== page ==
And the Tangutologist and Khitanologist Viacheslav Zaytsev appears on page 8 and in the acknowledgements!

Next: How to write 'Miyako' in Tangut. TANGUT AVIAN ANATOMY

About twenty-five years ago I learned the following method to convert base-10 numerals from 1 to 60 into their Chinese sexagenary equivalents.. The coming Chinese new year is the 34th in the 60-year cycle. The first character of the sexagenary term is the Heavenly Stem for the second digit: i.e., 丁 'fourth Heavenly Stem'. The second character is the Earthly Branch for X, a number between 1 and 12:

(X + (Y * 12)) = 34

X turns out to be 10 (and Y is 2), so the second character of the sexagenary term is 酉 'tenth Earthly branch': i.e.., rooster'.

The Tangut adopted the sexagenary cycle and somehow found Tangut equivalents for the Heavenly Stems. Last time I wrote about


0410 1vi1 'fourth Heavenly Stem'.

The reasoning behind choosing 1vi1 eludes me. (I'm assuming the Tangut terms were repurposed existing words rather than just made up.)

On the other hand, the logic behind the Tangut equivalents of the Earthly Branches is transparent: e.g., 酉 'rooster' was simply translated as


2262 1jwon3 'bird'.

(The Japanese did the same thing; they read 酉 as the native word tori 'bird'.)

2262 has three components:


Andrew West has written about the first at length here; it appears in other characters for words for birds (see below) but also has other associations.

The first and second components


appear in the second entry in the Tangraphic Sea:

𘀑 = 𘀏 + 𘤊 (< 𗿼)

3911 1pu1 'a kind of bird' = left and top of 3909 1pu1 'the name Pu' (phonetic) + left of 2262 1jwon3 'bird'.

3911 in turn is part of the analysis of 3909, the first entry in the Tangraphic Sea:

𘀏 = 𘀑 + 𘦑 (< 𗩝)

3909 1pu1 'the name Pu' = left of 3911 1pu1 'a kind of bird' (phonetic) + right of 2653 1penq 'horn'

You can see those two characters in context at Andrew West's site.

𘤏 might also be semantic for 'bird' in 3911 and even 3909 if the Pu were associated with birds and horns.

The third 𘪣 means 'bird', but like most Tangut semantic components (and unlike its possible inspiration, Chinese 鳥 'bird'), it cannot stand by itself. I don't know why some elements can be independent and others can't. In the case of 2260, the elements appended to 𘪣 'bird' are phonetic:

𗿼 = 𘤊𘤏 (< 𗿤) + 𘪣 (< 𘝋)

2262 1jwon3 'bird' = left and center of 2260 1jwon3 'breeding' + left of 1242 2dzwy4 'wing' (with a slight modification of the top element's bottom right corner)

2262 1jwon3 'bird' sounds like 2260 1jwon3 'breeding' and has 1242 2dzwy4 'wings'.

2260 has a circular derivation:

𗿤 = 𘤊𘤏 (< 𗿼) + 𘣑 (< 𘟢)

2260 1jwon3 'breeding' = left and center of 2262 1jwon3 'bird' (phonetic) + right of 0373 2vi1 'to copulate, mate' (semantic)

So does 1242:

𘝋 = 𘪢 (< 𘝁) + 𗟎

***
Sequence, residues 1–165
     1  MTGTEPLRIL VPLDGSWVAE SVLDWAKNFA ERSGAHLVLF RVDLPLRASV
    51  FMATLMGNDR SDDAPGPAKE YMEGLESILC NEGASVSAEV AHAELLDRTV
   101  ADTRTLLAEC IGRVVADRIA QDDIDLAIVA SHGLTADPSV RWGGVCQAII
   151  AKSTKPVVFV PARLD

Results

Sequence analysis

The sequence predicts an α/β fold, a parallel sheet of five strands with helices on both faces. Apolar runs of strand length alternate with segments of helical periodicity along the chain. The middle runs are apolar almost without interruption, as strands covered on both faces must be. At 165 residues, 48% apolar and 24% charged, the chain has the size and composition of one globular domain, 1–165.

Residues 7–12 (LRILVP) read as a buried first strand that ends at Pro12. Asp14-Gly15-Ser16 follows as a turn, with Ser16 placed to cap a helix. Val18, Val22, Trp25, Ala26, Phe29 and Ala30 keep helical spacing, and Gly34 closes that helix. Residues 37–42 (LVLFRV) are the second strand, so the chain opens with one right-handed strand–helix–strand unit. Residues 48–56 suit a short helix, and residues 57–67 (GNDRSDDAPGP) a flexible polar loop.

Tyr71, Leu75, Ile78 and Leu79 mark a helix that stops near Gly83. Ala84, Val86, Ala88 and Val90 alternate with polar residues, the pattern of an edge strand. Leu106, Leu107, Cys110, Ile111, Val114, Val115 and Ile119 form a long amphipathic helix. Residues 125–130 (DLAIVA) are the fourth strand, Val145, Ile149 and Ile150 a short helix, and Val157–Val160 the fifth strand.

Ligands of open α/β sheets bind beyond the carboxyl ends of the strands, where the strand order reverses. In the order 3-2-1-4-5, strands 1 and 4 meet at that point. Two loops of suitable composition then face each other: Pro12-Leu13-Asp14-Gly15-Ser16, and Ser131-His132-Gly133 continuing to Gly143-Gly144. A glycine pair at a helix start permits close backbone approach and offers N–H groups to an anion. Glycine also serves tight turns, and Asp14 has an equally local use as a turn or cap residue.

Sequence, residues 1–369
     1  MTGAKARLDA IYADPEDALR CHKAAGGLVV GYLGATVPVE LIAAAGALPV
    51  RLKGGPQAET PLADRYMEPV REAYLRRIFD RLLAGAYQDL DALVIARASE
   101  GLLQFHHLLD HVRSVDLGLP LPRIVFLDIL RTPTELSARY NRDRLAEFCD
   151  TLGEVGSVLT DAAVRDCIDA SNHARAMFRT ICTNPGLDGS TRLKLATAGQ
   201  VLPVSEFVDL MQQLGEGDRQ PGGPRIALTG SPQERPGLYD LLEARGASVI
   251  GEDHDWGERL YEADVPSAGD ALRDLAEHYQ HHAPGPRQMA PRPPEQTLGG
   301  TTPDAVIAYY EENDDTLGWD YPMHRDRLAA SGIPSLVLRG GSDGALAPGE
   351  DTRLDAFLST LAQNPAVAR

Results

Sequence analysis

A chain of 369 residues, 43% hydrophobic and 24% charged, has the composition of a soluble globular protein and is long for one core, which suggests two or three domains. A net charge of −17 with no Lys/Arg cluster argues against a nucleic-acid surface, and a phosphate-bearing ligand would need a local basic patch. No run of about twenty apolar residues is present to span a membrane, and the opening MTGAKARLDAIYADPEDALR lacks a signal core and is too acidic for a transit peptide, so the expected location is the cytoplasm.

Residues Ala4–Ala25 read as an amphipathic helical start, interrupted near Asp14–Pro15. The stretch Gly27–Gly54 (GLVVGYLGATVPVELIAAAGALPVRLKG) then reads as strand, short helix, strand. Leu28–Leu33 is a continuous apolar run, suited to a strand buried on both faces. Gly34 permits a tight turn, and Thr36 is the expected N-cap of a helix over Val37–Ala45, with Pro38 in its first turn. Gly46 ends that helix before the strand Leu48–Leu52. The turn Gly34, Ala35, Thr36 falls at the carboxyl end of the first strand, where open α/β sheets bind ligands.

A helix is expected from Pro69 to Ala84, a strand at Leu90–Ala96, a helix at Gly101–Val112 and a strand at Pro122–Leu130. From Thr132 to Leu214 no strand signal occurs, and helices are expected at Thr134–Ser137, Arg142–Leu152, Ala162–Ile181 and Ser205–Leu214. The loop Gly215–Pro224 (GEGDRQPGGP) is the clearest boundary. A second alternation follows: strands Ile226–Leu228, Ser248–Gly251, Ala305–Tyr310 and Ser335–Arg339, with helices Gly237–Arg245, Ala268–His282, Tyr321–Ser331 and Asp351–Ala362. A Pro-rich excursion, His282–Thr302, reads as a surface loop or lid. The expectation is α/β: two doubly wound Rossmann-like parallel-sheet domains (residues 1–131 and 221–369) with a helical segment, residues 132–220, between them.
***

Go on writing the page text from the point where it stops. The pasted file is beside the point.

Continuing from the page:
1242 2dzwy4 'wing' = left of 0673 2thy1 'wing' (semantic) + bottom right of 4289 2dzwy2 'winding corridor' (phonetic; is that component [Boxenhorn code: caigie] in Unicode?)

4289 is obviously from 1242 as a phonetic plus the semantic component 𘡩 'wood' (a corridor can be a wooden structure). The Tangraphic Sea confirms my guess:

𗟎 = 𘡩 (< 𗞵) + 𘝋

4289 2dzwy2 'winding corridor' = top of 4364 1rur4 'wooden framework' (semantic) + all of 1242 2dzwy4 'wing' (phonetic)

(The Boxenhorn code for the bottom right of 4289 is tok, not caigie, but the two components look alike to me.)

𗟎 4289 must postdate the less complex 𘝋 1242 'wing'. But does 𘝋 1242 'wing' postdate 𗿼 2262 'bird'? And what is the function of the right side of 1242 (stroke code EACCQBE not in N4636) which is unique to that character? If it is derived from two other characters, why weren't those characters mentioned in the Precious Rhymes of the Tangraphic Sea (the corresponding volume of the Tangraphic Sea has been lost)? MY FIRST POST IN TANGUT YINCHUAN

I just used Andrew West's file to convert Li Fanwen numbers for Tangut characters into Unicode for the first time to type the Tangraphic Sea analysis of1vi1 'fourth Heavenly Stem', the first half of the sexagenary term for the Tangut year beginning on 28 January 2017:

𗸃 = 𘣟 (< 𗷰) + 𘧦 (< 𘔁)

0410 1vi1 'fourth Heavenly Stem' = left of 0613 2t-? 'to refuse, remove' + 'fire', left of 4661 1bi4 'third Heavenly Stem'

If you can't see the characters, please install Prof. 景永时 Jing Yongshi's free Tangut font at BabelStone.

It's not surprising that 0410 shares 𘧦 'fire' with 4661 since both the third and fourth Heavenly Stems are associated with fire and were hence called 'red' in Khitan and Jurchen (and ᡠᠯᡤᡳᠶᠠᠨ fulgiyan 'red' and ᡠᠯᠠᡥᡡᠨ fulahūn 'reddish' in Manchu).

But why was 𘧦 'fire' combined with 𘣟from 2t-? 'to refuse, remove' which is neither (nearly) homophonous with 1vi1 'fourth Heavenly Stem' nor obviously semantically relevant to it? 𘣟 is not among the character components that Nishida (1966) was able to gloss.

𗷰 0613 2t-? 'to refuse, remove' is listed in Tangraphic Sea as a component in at least two more characters:

𗅯 = 𘠐 (< 𗅉) + 𘣟 (< 𗷰)

2377 1ky4 'to prohibit' = 'not', left of 1906 1non2 (conjunction) (semantic) + left of 0613 2t-? 'to refuse, remove' (semantic)

𘒐 = 𘧉 (< 𘒖) + 𘣟 (< 𗷰)

1462 1lo1' 'cooperation' = 1535 1lo'1 'to gather, assemble' (semantic/phonetic) + all of 0613 2t-? 'to refuse, remove'

There may have been other derivatives of 0613 in the lost 'rising tone' volume of the Tangraphic Sea.

I can understand why 'to refuse' is in 'to prohibit', but what's it doing in 'cooperation'?

And I might expect 'not' + 'to refuse' to represent a word for 'not refuse', but I presume the character is like a double negative.

Lastly, I have no idea what the etymologies for 𘔁 1bi4 'third Heavenly Stem' and 𗸃 1vi1 'fourth Heavenly Stem' are.


I just installed Prof. 景永时 Jing Yongshi's free Tangut font which can be downloaded from BabelStone. Thanks to Prof. Jing for making it freely available and to Andrew West and Michael Everson for mapping his font onto Unicode and extending it to include more characters and even character components.

銀川 Yinchuan 'Silver River' is the modern Mandarin name for the city now on the site of the former Tangut capital. Yinchuan has a 西夏区 Xixia qu 'Western Xia (i.e., Tangut) District' in name only (population 329,310).

I should eventually add Tangut characters in that font to my database of Tangut character readings (download version 1.3 1 here).

Tangut Yinchuan font copyright © Prof. 景永时 Jing Yongshi
Tangut character image fonts by Mojikyo.org
Tangut radical and Khitan fonts by Andrew West
Jurchen font by Jason Glavy
All other content copyright © 2002-2017 Amritavision